I want to follow up with my conclusions reached after speaking to people while door knocking in neighbourhoods along the Ingraham Trail.
First I want to make the general point that I see the people living along the Ingraham Trail need political representation. One day, in the future, you will elect a mayor. You are not there yet. As far as I am concerned, the acting mayor responsibilities should fall to the Yellowknife North MLA. Such acting duties usually fall to the person in position to help out until a better solution is found.
The taxpayers of the Ingraham Trail contribute to their MLA’s salary. This gives them the right to special representation. I am not suggesting the Ingraham Trail is more important than Old Town, Niven Lake, Latham Island or Summit Estates but these areas all enjoy the protection of the substantial resources offered by the City of Yellowknife in times of emergency. Ingraham Trail families and homes are not under the capital umbrella, as past city council decisions have shown. Whoever your MLA may be after the election, I urge you to impress upon them this special responsibility. I would suggest quarterly community meetings on the Trail or in Yellowknife, or Zoom if that works.
Following are the top issues raised with me.:
Forest Fire threat
Firstly, were I your MLA in a wildfire situation as we experienced this summer, I would not leave the area unless forced by penalty of law. Ensuring those in the firefighting command and GNWT support teams include Ingraham Trail in consideration of firefighting strategies is essential. The Ingraham Trail is as isolated and vulnerable as any NWT community on a road that ends and can be cut off by a wildfire, just like Yellowknife. There has to be more formal communication channels from the GNWT to Trail residents. I was told many families were left in the dark about GNWT plans. If evacuated, they must be part of the communication plan. I would inform all neighborhoods in the Yellowknife North riding as well. My first step if elected MLA would be to gather information from Trail residents on what happened, and when, during the forest fire threats and subsequent evacuation. This information must be included in GNWT reviews on forest fires and evacuation Summer 2023 which will be available to all residents of Yellowknife North.
Gaining title for lease holders
The issue of land title and leases is a perpetually confusing situation. For those who have land titles now, good on them. For those who want title to the land under substantial family assets built over many years, a path will have to be found. In my view, we have to show the importance of the trail by compiling a general list of homes needing titles. Will just make the aside comment that there are potentially 120 lots for homes in total occupied either full-time, or seasonally, and some are now vacant but certainly ripe for development. If they all average the same expenditure as a Yellowknife household of $100,000 annually, that’s a $11,900,000 contribution to the Yellowknife economy. Not chicken feed!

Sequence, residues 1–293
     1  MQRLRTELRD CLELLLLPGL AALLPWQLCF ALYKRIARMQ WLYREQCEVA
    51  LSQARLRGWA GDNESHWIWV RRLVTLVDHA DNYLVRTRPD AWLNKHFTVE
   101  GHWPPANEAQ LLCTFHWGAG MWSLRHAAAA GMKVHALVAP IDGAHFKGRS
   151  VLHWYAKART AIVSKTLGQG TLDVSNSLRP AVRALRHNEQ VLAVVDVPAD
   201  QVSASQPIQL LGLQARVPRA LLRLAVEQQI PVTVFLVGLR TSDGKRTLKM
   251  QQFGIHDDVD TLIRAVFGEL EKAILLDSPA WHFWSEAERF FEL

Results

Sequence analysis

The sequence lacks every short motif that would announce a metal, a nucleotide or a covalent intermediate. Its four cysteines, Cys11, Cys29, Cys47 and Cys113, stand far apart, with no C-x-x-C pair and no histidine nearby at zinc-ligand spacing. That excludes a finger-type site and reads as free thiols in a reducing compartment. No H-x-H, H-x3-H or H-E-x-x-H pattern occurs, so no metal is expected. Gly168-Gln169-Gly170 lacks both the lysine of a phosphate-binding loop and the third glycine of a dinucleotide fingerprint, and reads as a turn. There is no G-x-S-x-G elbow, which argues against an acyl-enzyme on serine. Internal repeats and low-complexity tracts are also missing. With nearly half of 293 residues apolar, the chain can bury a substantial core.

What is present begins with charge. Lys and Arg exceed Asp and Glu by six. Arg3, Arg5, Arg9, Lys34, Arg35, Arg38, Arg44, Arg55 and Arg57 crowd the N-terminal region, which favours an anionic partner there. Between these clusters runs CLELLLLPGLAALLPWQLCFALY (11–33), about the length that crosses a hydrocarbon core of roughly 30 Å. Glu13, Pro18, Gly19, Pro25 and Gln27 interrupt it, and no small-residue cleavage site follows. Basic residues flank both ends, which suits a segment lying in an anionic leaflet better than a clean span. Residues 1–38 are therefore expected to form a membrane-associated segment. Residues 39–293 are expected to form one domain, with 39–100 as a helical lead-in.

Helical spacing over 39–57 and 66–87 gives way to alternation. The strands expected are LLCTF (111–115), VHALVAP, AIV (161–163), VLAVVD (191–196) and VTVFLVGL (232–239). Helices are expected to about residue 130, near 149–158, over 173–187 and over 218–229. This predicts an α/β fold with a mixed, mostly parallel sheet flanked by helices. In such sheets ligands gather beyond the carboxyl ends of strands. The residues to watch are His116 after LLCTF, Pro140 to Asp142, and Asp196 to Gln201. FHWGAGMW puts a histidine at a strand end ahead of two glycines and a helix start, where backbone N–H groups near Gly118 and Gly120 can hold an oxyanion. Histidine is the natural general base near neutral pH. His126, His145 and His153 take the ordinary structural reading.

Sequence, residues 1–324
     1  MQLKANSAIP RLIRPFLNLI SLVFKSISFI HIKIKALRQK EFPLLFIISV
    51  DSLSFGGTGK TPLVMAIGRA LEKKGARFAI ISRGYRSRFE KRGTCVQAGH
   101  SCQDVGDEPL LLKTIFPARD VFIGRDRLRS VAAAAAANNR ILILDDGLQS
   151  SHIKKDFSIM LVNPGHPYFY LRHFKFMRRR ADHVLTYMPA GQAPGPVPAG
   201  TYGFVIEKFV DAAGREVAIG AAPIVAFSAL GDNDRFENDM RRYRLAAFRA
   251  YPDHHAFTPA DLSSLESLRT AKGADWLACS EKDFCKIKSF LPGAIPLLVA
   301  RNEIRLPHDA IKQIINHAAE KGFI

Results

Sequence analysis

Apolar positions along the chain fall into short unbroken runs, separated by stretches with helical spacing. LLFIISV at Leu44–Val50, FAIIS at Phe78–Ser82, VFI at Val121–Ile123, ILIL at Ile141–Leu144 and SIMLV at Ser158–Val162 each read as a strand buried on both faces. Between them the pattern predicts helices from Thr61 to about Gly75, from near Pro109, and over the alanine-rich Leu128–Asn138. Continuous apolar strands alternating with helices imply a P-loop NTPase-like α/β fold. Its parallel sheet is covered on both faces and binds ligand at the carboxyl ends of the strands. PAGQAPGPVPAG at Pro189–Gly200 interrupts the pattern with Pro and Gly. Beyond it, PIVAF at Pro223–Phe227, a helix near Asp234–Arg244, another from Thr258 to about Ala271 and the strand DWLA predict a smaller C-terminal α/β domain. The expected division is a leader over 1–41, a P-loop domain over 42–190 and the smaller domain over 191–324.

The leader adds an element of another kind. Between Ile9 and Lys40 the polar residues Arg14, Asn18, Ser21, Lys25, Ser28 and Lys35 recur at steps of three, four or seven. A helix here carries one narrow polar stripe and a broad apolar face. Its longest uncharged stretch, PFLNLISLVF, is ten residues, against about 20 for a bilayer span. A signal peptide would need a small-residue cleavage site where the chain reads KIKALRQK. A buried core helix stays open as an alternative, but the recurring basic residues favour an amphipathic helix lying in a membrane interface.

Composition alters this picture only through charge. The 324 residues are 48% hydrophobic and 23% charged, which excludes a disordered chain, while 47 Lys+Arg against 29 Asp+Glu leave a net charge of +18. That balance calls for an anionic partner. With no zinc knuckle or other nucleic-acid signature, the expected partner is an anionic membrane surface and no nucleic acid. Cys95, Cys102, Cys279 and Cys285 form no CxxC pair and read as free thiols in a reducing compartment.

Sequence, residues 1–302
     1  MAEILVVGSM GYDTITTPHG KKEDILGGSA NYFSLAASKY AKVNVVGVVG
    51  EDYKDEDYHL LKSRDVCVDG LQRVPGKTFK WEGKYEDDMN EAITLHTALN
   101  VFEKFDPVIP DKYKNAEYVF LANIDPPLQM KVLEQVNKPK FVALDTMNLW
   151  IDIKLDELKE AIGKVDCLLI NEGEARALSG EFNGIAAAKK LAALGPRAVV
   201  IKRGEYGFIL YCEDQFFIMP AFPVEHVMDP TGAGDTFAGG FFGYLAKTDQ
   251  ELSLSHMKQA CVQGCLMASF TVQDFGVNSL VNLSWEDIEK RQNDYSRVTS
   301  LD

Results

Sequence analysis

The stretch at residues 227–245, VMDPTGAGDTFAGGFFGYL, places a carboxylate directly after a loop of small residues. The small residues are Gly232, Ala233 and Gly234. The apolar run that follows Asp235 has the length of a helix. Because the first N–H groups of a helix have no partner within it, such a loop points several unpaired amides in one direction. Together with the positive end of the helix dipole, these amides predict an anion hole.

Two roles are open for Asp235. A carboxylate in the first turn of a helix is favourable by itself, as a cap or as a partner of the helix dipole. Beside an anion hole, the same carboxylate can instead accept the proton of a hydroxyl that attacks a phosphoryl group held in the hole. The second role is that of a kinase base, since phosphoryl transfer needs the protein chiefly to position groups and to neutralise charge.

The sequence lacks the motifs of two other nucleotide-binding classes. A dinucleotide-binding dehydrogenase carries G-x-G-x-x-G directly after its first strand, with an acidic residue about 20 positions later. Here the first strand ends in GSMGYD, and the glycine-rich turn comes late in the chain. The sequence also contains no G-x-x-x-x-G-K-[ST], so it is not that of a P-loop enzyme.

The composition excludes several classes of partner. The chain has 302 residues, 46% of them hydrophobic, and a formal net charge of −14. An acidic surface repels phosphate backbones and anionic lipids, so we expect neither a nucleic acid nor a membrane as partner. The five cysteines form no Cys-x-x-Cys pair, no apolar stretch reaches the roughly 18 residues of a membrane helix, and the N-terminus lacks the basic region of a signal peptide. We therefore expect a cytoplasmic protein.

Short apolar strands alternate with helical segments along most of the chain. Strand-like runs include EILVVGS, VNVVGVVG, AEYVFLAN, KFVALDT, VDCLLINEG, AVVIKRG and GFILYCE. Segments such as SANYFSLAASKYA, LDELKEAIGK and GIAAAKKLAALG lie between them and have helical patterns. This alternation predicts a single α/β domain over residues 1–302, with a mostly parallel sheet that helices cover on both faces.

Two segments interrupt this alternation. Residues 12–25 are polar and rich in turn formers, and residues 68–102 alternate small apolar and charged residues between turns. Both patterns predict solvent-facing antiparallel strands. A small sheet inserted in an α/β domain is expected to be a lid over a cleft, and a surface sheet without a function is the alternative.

Value for taxes paid
There were comments and questions about the services received for taxes. Certainly there is an understanding that taxes are much lower than in Yellowknife and Trail residents can take care of their own services. I was asked about snow clearing services in those neighbourhoods not now getting them. and some of the snow-clearing services seem to be inconsistent. Residential fire and medical services were points of discussion but again, there is an understanding Trail living leaves behind such expensive essential services. Again, that’s why it is important to calculate what the Trail brings to the Yellowknife economy before making decisions not to provide services. We do want to grow the territory and offering a variety of lifestyles, so prevalent in Whitehorse, will help keep people in the NWT and attract others.
Drinking and driving by young people during summer
We all know what goes on at Cameron Falls and along the trail during the long days of summer. I would commit to standing in the assembly each spring sitting and reminding the police of the potential for young people to die get injured in car wrecks, the youth of Yellowknife mainly. Innocent travelers both seasonal and Trail residents, are also put at risk. Signage is a good way to get the message across to drivers that they will be watched and caught if they take a risk that puts everyone else at risk.